Our country offers great inspiration for TV in the way of action sequences and twisted crime sagas. Phumlani S Langa marvels at Deon Meyer’s suspense-filled book that has been adapted into an action-packed miniseries.
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Thriller novelist Deon Meyer’s critically acclaimed book Trackers has been developed into a five-part miniseries loaded with dark action and chilling thrills – and I couldn’t be happier. The series starts rather slowly and follows the lives of individuals who work for the Presidential Bureau of Intelligence (PBI). Take Milla Strachan (Rolanda Marais) for example – she finds the courage to leave her abusive husband and gets a job at the PBI as a researcher for investigations in the local equivalent of the US’s CIA. Another one of the more interesting characters is Lemmer, played by James Gracie, a washed-up special forces bodyguard in the Karoo whose speciality is riding shotgun and accompanying people on missions that might need a steely gun-slinging maverick.
He does just this when an acquaintance asks him to accompany a vet transporting two rhinos from Zimbabwe’s Beitbridge border to Loxton in the Karoo. On their way, they are shadowed by a black Hummer that waits until nightfall to hold up the truck. In that bush showdown, we get our first glimpse of Nkunzi, played by Sisanda Henna, the leader of a gang, who isn’t as interested in rhino horns as you’ve been led to believe.
The show ventures into a plot with Muslim extremists looking to trade diamonds for a weapon strong enough to target a full Cape Town Stadium.
The show shimmers with an expensive sheen. It’s a reflection of our society that was as clear to see in 2011 as it is now. It does not focus only on poaching or terrorism, but on the rage of the oppressed bursting at the seams of the soul, driving a person to take extreme action.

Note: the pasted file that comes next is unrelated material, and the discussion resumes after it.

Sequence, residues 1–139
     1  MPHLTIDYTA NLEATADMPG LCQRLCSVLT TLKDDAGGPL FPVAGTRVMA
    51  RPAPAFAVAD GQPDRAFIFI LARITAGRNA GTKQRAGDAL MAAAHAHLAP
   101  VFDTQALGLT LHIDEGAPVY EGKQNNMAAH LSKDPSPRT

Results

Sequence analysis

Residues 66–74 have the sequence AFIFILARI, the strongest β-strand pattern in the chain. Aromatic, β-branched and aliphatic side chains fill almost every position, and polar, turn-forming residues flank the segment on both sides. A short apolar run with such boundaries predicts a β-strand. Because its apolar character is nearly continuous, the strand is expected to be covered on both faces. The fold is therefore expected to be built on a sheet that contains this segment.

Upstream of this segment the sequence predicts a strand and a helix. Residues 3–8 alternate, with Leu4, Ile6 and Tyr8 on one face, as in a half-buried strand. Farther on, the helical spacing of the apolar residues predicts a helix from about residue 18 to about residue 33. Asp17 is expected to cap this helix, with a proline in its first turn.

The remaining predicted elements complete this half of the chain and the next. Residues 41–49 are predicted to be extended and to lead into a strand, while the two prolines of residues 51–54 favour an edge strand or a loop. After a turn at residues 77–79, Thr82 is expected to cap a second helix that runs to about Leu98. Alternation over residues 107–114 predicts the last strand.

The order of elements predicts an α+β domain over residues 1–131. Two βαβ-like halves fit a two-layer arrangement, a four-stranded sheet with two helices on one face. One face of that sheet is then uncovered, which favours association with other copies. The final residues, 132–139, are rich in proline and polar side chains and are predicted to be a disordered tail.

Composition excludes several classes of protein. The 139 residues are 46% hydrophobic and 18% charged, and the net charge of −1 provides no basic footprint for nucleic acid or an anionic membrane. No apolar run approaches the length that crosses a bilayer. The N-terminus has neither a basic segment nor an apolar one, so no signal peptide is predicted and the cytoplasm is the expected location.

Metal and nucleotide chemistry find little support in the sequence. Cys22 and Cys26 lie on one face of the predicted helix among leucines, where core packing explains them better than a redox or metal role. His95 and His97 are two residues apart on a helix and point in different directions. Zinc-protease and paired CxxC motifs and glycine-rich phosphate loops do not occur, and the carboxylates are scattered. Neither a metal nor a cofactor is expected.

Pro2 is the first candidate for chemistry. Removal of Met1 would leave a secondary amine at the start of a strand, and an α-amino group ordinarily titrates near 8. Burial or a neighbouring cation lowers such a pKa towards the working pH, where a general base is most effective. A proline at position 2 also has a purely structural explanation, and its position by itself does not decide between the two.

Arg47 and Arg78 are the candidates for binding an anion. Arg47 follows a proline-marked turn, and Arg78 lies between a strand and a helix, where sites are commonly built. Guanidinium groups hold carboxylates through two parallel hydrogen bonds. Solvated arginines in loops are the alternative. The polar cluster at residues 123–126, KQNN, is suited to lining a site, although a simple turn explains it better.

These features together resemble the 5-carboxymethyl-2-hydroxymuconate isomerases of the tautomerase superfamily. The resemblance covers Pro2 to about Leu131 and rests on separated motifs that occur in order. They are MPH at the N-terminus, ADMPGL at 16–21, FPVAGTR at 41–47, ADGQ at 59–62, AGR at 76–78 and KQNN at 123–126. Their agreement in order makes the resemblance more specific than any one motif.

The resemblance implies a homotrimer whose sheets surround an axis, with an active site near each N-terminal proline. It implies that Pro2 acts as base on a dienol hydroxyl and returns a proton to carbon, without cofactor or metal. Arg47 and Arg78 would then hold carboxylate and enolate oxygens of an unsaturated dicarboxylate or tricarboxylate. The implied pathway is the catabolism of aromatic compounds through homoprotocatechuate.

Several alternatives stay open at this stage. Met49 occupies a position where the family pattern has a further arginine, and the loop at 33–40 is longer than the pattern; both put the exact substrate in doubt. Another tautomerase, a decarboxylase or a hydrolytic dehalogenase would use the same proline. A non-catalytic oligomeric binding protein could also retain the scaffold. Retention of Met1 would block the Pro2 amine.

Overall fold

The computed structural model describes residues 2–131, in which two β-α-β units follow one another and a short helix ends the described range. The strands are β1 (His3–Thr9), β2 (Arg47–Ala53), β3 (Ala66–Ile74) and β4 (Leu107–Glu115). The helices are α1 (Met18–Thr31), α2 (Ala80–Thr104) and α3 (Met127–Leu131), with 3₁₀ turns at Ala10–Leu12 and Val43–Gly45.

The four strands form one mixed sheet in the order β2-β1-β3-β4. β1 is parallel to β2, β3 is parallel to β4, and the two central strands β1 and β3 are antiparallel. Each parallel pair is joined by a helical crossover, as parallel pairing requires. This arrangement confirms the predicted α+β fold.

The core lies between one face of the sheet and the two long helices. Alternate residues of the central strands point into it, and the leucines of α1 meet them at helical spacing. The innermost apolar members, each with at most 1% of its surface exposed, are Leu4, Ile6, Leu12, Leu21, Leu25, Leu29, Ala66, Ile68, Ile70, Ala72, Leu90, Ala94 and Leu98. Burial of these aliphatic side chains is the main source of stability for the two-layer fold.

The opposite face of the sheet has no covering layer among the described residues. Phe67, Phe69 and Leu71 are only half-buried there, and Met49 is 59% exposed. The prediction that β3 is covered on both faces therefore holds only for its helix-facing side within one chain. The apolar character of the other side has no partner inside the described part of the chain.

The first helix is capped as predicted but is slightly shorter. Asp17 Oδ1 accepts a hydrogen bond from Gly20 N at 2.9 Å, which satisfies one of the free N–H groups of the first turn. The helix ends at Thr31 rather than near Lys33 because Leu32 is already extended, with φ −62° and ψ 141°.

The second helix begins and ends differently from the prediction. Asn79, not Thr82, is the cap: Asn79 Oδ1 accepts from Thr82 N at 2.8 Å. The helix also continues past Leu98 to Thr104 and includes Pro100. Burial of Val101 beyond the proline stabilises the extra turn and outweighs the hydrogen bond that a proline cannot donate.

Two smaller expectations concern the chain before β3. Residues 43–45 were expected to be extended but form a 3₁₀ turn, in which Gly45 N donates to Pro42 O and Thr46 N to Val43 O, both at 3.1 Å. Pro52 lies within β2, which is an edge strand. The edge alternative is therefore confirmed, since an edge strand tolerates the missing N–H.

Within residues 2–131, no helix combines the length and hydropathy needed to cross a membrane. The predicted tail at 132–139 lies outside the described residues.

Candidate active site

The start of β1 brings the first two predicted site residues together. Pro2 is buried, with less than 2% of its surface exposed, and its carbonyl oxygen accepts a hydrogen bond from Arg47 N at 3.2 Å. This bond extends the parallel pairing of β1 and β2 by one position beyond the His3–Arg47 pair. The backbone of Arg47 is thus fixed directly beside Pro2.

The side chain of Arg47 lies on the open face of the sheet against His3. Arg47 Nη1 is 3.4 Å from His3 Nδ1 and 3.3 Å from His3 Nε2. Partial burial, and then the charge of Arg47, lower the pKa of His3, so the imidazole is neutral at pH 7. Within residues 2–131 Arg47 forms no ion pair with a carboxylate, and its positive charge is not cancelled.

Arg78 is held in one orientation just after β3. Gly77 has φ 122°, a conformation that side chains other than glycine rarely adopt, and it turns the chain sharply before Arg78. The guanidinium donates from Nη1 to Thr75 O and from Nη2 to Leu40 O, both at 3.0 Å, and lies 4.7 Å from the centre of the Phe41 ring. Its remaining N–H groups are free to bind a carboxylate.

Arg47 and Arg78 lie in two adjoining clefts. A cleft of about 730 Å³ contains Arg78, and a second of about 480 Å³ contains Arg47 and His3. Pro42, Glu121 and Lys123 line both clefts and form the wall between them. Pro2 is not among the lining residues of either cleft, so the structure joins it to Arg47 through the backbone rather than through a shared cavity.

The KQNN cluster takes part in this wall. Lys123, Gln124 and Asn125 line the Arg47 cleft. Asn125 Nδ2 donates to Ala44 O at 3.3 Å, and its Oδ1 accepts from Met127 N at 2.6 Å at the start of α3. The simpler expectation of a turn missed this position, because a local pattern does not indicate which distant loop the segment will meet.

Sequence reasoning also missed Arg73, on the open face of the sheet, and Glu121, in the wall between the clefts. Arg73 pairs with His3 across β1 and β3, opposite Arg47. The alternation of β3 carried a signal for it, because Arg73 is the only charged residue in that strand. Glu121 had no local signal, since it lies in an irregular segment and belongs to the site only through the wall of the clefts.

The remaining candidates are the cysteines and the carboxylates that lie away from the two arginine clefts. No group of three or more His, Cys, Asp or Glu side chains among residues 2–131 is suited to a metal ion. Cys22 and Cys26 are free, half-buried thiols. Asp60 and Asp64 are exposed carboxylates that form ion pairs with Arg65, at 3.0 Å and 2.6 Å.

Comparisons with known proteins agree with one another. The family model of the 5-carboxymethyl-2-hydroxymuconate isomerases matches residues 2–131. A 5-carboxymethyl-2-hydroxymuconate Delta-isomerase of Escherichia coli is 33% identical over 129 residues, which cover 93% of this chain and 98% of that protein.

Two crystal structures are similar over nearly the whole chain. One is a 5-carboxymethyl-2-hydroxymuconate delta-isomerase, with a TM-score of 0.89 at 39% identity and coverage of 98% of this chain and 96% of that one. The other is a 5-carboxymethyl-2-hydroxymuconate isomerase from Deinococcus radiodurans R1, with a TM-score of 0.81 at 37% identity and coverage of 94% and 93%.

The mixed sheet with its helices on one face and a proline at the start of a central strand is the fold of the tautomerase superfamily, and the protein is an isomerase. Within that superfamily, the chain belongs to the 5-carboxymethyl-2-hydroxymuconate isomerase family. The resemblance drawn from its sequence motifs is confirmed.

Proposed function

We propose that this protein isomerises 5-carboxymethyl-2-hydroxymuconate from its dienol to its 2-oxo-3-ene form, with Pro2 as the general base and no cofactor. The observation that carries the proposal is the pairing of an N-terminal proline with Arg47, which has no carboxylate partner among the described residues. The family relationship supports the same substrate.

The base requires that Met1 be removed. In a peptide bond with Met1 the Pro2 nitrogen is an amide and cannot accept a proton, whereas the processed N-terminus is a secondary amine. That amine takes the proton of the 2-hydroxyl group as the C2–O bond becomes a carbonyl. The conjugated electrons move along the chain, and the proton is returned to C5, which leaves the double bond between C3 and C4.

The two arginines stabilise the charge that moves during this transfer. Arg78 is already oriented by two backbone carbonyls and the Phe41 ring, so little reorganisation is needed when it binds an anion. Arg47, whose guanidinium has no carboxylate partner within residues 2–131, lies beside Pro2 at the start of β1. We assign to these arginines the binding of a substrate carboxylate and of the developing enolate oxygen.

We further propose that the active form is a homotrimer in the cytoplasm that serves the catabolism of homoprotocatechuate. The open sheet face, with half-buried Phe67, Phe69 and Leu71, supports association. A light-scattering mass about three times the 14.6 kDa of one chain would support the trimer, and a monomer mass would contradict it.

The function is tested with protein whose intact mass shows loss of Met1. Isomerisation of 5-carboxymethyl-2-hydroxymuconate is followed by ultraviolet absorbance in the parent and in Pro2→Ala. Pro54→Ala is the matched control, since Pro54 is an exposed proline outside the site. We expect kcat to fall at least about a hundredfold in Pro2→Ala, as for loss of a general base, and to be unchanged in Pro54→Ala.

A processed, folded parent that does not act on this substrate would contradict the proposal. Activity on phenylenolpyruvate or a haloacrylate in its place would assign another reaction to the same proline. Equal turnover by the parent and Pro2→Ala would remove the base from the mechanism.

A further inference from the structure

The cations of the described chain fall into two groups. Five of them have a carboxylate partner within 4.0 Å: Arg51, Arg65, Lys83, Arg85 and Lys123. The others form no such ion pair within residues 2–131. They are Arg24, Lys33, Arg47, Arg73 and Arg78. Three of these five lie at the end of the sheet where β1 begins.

The alleged terror cell is based in the brightly painted Bo Kaap, which is visually pleasing and exciting considering that seeing this neighbourhood on local TV is not common. The show moves around the country, bouncing in and out of topical issues that run rife in our republic.
Beyond resulting in an eloquent display of our local languages, the clever adaptation of the book steers us around the seedy world of poaching and then yanks us out and thrusts us into the inner workings of a jihad and the complexities that surround religion.
One complaint, though, is that the producers of the show should have been more careful with some of the props, as a few of the guns were obviously plastic.
On the other hand, from Thapelo Mokoena to Jerry Mofokeng, the cast members play their parts exceptionally well. This show ranks alongside bangers Ifalakhe or The Republic and should all have the regulars sweating come awards season.
However, I must admit that I did not like the ending much – it didn’t feel as explosive as it did on the pages of the book.